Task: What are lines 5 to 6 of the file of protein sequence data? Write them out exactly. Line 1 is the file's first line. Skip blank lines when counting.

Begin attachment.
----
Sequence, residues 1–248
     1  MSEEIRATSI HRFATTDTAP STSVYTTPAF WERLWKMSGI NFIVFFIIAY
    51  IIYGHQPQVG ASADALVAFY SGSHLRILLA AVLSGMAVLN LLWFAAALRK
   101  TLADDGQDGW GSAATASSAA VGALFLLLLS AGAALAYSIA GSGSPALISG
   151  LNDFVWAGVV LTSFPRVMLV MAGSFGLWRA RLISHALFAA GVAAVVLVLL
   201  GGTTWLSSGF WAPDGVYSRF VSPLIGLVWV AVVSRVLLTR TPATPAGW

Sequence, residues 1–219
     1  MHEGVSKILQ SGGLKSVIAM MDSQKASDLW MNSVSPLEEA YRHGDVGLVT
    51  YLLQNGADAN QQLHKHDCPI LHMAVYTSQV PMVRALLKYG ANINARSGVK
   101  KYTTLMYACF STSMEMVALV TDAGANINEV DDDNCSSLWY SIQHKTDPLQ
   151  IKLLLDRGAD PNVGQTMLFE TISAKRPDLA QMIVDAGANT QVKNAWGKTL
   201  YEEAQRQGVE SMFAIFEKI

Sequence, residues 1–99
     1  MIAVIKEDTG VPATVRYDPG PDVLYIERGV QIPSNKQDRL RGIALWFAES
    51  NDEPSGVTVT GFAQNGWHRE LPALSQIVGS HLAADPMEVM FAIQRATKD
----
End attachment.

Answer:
   151  LNDFVWAGVV LTSFPRVMLV MAGSFGLWRA RLISHALFAA GVAAVVLVLL
   201  GGTTWLSSGF WAPDGVYSRF VSPLIGLVWV AVVSRVLLTR TPATPAGW